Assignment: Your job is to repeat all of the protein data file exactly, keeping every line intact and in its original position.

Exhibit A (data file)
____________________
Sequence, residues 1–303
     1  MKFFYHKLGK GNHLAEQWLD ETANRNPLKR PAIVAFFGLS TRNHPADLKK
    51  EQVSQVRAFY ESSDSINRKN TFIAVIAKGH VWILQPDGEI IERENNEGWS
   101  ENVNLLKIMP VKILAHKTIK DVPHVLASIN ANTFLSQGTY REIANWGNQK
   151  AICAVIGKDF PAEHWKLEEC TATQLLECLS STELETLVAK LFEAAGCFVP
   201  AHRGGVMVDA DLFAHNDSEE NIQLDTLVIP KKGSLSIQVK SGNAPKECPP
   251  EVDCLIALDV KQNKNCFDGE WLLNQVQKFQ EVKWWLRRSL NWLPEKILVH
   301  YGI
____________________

Sequence, residues 1–303
     1  MKFFYHKLGK GNHLAEQWLD ETANRNPLKR PAIVAFFGLS TRNHPADLKK
    51  EQVSQVRAFY ESSDSINRKN TFIAVIAKGH VWILQPDGEI IERENNEGWS
   101  ENVNLLKIMP VKILAHKTIK DVPHVLASIN ANTFLSQGTY REIANWGNQK
   151  AICAVIGKDF PAEHWKLEEC TATQLLECLS STELETLVAK LFEAAGCFVP
   201  AHRGGVMVDA DLFAHNDSEE NIQLDTLVIP KKGSLSIQVK SGNAPKECPP
   251  EVDCLIALDV KQNKNCFDGE WLLNQVQKFQ EVKWWLRRSL NWLPEKILVH
   301  YGI